Brian Russell De Palma (born September 11, 1940) is an American film director and screenwriter. With a career spanning over 50 years, he is best known for his work in the suspense, crime and psychological thriller genres. His prominent films include mainstream box office hits such as Carrie (1976), Dressed to Kill (1980), Scarface (1983), The Untouchables (1987), and Mission: Impossible (1996), as well as cult favorites such as Sisters (1972), Phantom of the Paradise (1974), Blow Out (1981), Body Double (1984), Casualties of War (1989), Carlito's Way (1993), and Femme Fatale (2002).De Palma is often cited as a leading member of the New Hollywood generation of film directors. His directing style often makes use of quotations from other films or cinematic styles, and bears the influence of filmmakers such as Alfred Hitchcock and Jean-Luc Godard. His films have been criticised for their violence and sexual content but have also been championed by prominent critics such as Roger Ebert and Pauline Kael.

Photo of John Ford

10. John Ford (1894 - 1973)

With an HPI of 76.55, John Ford is the 10th most famous American Film Director.  His biography has been translated into 68 different languages.

John Martin Feeney (February 1, 1894 – August 31, 1973), known professionally as John Ford, was an American film director and naval officer. He is renowned both for Westerns such as Stagecoach (1939), The Searchers (1956), and The Man Who Shot Liberty Valance (1962), as well as adaptations of classic 20th-century American novels such as The Grapes of Wrath (1940). He was the recipient of five Academy Awards including a record four wins for Best Director. In a career of more than 50 years, Ford directed more than 140 films (although most of his silent films are now lost) and he is widely regarded as one of the most important and influential filmmakers of his generation. Ford's work was held in high regard by his colleagues, with Orson Welles and Ingmar Bergman among those who named him one of the greatest directors of all time. Ford made frequent use of location shooting and long shots, in which his characters were framed against a vast, harsh, and rugged natural terrain.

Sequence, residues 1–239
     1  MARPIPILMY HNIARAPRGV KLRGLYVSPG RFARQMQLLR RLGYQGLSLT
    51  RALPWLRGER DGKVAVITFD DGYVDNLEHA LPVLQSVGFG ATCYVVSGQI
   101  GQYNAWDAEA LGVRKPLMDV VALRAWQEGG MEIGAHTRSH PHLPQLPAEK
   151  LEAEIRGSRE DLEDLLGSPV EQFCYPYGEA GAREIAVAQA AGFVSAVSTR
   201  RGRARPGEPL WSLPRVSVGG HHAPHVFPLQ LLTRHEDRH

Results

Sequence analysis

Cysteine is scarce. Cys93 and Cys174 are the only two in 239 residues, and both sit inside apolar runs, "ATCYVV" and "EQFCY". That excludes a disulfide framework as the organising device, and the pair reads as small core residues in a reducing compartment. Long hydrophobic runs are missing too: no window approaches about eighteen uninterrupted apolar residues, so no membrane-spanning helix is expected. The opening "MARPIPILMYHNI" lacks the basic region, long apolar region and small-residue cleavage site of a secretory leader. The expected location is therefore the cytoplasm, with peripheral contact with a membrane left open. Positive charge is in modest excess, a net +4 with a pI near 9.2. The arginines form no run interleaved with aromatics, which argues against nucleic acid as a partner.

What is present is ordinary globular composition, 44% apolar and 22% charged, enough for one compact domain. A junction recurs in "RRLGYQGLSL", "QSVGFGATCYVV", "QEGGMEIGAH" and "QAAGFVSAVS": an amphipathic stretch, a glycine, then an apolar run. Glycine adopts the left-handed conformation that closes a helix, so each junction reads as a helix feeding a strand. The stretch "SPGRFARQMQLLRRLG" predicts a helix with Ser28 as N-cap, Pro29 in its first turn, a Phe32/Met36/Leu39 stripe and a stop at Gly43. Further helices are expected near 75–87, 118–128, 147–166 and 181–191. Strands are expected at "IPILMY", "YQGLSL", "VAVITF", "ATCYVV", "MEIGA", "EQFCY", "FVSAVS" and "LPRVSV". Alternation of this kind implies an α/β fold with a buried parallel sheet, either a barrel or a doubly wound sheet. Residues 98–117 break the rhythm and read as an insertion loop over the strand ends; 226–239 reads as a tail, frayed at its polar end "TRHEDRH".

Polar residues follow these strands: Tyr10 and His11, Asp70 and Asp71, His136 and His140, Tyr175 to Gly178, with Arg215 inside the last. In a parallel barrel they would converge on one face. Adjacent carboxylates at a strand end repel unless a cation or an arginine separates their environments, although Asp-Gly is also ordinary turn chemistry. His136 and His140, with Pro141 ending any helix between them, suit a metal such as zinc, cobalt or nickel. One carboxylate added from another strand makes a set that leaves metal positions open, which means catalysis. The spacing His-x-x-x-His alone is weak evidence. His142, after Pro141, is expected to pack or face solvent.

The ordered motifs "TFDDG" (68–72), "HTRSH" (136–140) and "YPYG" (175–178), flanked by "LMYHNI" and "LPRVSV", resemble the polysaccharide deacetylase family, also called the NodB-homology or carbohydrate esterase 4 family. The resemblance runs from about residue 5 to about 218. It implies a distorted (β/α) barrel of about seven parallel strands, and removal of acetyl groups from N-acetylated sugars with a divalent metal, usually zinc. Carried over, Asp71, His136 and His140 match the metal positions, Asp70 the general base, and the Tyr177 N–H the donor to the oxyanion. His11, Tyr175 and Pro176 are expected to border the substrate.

Pantheon has 509 people classified as film directors born between 1870 and 2000. Of these 509, 334 (65.62%) of them are still alive today. The most famous living film directors include Steven Spielberg, Martin Scorsese, and Woody Allen. The most famous deceased film directors include Stanley Kubrick, John Ford, and Sydney Pollack. As of October 2020, 86 new film directors have been added to Pantheon including Gene Deitch, Emile Ardolino, and Allen Daviau.

Living Film Directors

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Deceased Film Directors

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Newly Added Film Directors (2020)

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Which Film Directors were alive at the same time? This visualization shows the lifespans of the 25 most globally memorable Film Directors since 1700.